Dogs playing on Carmel Beach. Photo - Janet Fullwood
There’s nothing like the sight and sound of the sea to soothe the soul, vanquish boredom and revive the spirit. If your pup has been seeing far too much of the back yard lately, maybe it’s time for both of you to sniff out new horizons along the highly scenic, 122-mile stretch of Highway 1 between Pacifica and Carmel.
Start your drive with a visit to the region’s newest attraction, the Devil’s Slide Trail. This 1.3-mile paved path, built atop a formerly formidable segment of Highway 1 between Pacifica and Montara in San Mateo County, opened in late March and is definitely a “must see” for DogTrekkers.
Now part of the county park system, the bluff-top trail is a prime place from which to enjoy the views that captivated so many drivers before the twin-bore Devil’s Slide Tunnel was completed last year. The new trail has parking lots, restrooms, drinking fountains, bike racks, pet waste stations, three overlooks, a dozen benches and lots of interpretive signs to help visitors appreciate the views, the wildlife and the precarious forces of nature that gave this slide-prone segment of coastline its name.
Continuing south, Highway 1 hits the coast again in Santa Cruz, where the classic place to lunch with your leashed dog is the outdoor deck at Aldo’s Harbor Restaurant, situated right in the middle of Twin Lakes State Beach and overlooking a harbor bobbing with boats. To the west of the harbor jetty is the strand known as Seabright Beach, where leashed dogs are welcome and fire rings are available for bring-your-own-fuel bonfires.
Bamboo at Seabright Beach: Photo - Lostintheredwoods (CC)
If you and your dog want to window-shop or otherwise explore the many interesting shops in downtown Santa Cruz, you can: the city has loosened restrictions that once banned dogs from busy Pacific Avenue. To play by the rules (see Page 4 of the city ordinance), make sure your dog is licensed, tagged and kept close by your side. Also, be aware that there’s an after-dark canine curfew.
South of Santa Cruz, both Aptos and Capitola are a pair of captivating and very dog-welcoming ocean side communities with a casual, wind-in-the-hair ambiance. Rio del Mar and Seacliff state beaches are the outdoor magnets here, while dog-friendly restaurants including Betty Burgers and Margaritaville in Capitola, and Palapas in Aptos abound. This is also a great area to snag a dog-friendly vacation rental for the weekend.
Once you hit Monterey County, your seaside options expand even more. On the north side of the Monterey Peninsula, several beaches run together to form Monterey State Beach. Make sure your canine companion is leashed when walking here, and don’t stray out of the area between Wharf No. 2 and the Seaside portion of the strand, the only place on the beach that allows dogs.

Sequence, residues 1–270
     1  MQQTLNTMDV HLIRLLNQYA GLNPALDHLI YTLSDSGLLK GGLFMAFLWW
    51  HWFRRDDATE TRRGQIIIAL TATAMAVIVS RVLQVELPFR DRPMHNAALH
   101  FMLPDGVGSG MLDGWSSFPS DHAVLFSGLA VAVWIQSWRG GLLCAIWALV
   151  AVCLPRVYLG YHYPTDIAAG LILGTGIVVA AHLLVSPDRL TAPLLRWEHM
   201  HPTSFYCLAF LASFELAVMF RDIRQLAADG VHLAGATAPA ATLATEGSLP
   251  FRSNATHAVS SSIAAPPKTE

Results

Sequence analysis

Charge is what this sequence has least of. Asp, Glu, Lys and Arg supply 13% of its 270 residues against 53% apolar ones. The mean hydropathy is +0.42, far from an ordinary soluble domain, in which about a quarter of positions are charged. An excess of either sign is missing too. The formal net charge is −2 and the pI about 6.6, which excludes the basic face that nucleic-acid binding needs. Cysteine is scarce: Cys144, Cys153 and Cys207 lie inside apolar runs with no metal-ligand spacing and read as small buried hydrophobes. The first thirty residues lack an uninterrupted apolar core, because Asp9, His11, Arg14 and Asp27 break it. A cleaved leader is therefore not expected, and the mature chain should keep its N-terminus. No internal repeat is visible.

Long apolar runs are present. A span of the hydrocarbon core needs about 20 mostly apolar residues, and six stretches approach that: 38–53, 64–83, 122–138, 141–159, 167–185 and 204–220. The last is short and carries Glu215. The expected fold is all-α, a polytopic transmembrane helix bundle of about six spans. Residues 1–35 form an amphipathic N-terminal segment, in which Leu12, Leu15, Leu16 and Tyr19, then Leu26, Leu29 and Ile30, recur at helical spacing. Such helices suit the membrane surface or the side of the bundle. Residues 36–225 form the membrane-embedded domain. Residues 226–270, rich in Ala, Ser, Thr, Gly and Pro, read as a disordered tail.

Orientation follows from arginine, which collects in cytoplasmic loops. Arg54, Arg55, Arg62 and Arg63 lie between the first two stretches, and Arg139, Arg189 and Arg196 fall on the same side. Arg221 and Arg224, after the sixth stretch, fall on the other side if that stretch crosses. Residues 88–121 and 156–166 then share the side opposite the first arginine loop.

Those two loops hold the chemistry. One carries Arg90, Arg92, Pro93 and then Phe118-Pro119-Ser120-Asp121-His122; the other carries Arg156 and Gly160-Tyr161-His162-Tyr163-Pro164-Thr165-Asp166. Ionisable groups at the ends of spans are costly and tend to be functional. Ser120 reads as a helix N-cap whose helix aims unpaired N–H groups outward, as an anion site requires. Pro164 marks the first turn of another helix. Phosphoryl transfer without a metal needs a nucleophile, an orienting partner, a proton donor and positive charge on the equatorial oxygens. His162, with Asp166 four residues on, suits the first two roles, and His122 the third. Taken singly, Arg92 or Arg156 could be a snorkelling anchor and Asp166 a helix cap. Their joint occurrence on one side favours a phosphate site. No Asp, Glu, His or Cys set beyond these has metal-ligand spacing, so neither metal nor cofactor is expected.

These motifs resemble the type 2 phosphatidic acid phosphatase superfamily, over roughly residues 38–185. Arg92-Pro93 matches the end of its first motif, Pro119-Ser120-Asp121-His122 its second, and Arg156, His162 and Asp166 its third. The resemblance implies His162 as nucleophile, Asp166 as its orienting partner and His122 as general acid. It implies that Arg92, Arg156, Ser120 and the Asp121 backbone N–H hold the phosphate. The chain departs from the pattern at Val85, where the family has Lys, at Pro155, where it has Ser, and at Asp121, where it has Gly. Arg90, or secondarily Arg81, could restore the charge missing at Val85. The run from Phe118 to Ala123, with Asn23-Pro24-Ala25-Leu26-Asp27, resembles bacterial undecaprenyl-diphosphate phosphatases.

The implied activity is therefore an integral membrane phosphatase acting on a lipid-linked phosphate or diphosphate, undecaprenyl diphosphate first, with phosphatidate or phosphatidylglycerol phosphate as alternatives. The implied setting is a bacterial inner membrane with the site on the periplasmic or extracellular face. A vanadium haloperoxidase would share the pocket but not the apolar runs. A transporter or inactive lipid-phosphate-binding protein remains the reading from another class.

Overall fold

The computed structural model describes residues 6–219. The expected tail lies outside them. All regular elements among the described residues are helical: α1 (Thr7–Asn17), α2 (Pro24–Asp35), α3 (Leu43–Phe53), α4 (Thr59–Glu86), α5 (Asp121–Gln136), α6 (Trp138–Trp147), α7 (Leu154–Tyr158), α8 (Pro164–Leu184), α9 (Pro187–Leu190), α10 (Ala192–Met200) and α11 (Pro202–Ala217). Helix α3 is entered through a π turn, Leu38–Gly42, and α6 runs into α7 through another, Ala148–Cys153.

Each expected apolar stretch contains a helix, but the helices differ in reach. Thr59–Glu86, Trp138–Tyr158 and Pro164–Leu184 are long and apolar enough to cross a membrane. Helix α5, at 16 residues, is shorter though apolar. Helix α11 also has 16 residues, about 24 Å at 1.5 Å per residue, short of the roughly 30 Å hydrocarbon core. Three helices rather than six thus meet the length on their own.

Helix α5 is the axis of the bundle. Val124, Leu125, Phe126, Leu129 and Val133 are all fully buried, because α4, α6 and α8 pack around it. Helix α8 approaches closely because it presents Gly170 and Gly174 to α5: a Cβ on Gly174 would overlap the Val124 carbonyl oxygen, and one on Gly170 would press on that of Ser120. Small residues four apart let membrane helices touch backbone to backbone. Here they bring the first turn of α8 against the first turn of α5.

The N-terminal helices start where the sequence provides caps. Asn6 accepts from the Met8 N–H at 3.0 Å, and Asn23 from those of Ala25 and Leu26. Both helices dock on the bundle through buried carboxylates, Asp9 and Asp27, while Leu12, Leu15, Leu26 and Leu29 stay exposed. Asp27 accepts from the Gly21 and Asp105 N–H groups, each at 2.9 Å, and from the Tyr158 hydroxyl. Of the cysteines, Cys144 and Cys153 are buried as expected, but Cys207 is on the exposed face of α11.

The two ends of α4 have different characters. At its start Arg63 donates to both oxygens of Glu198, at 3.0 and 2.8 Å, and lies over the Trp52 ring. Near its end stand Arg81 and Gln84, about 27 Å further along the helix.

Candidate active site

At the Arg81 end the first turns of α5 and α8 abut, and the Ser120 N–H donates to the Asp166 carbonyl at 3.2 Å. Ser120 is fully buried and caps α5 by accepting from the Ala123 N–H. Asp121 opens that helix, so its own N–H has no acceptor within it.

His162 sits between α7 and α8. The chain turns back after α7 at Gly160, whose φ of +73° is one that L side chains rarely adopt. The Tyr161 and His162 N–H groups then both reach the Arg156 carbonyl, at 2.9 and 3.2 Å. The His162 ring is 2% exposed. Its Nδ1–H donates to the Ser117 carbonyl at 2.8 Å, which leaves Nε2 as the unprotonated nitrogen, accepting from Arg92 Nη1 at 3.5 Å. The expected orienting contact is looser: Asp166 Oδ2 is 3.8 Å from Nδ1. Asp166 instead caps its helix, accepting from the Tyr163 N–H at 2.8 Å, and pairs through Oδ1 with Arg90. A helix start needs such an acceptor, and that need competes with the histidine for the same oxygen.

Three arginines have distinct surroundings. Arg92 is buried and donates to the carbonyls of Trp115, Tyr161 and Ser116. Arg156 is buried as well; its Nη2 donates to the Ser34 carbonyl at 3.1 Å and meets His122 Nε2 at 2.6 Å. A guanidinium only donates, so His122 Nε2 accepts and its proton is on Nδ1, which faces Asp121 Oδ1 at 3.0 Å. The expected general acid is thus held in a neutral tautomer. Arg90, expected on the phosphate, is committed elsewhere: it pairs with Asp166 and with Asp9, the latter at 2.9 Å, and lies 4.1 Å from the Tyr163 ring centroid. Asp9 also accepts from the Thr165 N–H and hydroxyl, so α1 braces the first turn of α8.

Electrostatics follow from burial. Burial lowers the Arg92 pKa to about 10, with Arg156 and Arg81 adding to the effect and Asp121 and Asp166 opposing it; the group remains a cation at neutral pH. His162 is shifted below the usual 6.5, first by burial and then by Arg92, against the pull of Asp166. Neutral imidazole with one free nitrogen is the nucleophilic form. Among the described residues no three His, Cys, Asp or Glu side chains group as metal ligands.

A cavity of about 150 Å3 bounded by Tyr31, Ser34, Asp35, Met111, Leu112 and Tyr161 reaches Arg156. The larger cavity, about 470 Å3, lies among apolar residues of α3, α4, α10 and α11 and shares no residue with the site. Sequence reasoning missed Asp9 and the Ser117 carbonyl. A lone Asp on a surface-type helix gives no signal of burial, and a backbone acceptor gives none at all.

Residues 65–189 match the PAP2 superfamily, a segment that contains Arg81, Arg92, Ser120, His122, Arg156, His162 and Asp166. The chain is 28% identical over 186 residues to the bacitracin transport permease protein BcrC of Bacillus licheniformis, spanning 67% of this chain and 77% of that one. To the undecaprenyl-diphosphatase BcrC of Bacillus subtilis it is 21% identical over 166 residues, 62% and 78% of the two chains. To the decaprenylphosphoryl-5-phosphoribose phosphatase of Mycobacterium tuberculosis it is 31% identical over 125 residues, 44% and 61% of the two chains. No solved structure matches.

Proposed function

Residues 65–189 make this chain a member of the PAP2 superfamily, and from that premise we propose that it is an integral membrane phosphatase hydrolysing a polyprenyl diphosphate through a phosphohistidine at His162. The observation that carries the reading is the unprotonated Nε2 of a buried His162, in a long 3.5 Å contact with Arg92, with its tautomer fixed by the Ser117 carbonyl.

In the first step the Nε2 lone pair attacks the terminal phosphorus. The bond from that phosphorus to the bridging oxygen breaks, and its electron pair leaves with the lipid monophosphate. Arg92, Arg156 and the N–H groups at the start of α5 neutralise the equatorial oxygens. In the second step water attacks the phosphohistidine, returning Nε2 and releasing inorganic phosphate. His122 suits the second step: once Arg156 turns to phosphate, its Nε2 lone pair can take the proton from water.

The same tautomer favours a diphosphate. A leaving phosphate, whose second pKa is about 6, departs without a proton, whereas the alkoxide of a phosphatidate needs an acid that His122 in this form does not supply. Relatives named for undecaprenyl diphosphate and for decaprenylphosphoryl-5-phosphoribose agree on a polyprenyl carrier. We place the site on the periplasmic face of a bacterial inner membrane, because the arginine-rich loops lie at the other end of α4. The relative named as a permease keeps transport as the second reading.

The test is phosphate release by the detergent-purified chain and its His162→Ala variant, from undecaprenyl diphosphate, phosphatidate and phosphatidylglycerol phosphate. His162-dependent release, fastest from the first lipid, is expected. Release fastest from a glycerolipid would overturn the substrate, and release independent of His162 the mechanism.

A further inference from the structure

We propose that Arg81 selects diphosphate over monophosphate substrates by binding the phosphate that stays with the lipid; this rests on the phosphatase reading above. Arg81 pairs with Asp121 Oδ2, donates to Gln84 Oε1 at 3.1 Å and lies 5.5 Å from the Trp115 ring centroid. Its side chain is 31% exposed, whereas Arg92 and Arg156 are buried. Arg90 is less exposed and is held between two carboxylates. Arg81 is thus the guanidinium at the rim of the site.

Moving around the peninsula to the scenic village of Pacific Grove, Asilomar State Beach encompasses a long swath of shoreline pocked with rocky coves and strips of sand. Leashed dogs are welcome here as well as on the seaside path following the coastline and on the boardwalk leading through Asilomar Natural Dune Preserve to Asilomar State Conference Grounds, a century-old complex of buildings on a 100-acre campus. Dogs aren’t allowed inside the structures, but they are welcome to accompany their humans on the grounds and view the graceful, arts-and-crafts buildings designed by Julia Morgan, famous for designing Hearst Castle and the first woman to be licensed as an architect in California.
Continuing on to Carmel-by-the-Sea you’ll find Carmel River State Beach, a three-mile, white-sand crescent notable for its bird life and accessible via a trail from Highway 1. Beautiful and uncrowded as it may be, the real attraction for DogTrekkers is just down the way at Carmel Beach, one of few legally off-leash stretches of sand in this part of the state. Dogs under voice control are welcome to run free on this mile-long slice of doggie heaven.
Just a few short blocks uphill, the village of Carmel-by-the-Sea qualifies as one of the most dog-friendly destinations on the planet. It’s so dog friendly, in fact, that it’s a rare restaurant indeed that doesn’t allow canine guests at its outdoor tables. In addition, more than 20 hotels and inns accept pets.
If you’re a wine lover, Monterey County’s River Road Wine Trail could keep you occupied for weeks. But if time is tight and you’d still like to sample the bounty of the county, know that more than a dozen tasting rooms, many of them dog-friendly and all within walking distance of each other, have recently opened in Carmel, A $65 Wine Walk Passport buys what otherwise would be a $10 flight at each venue. It’s transferable and doesn’t expire, so you can visit four tasting rooms now, four on your next trip and two on your next if you so desire.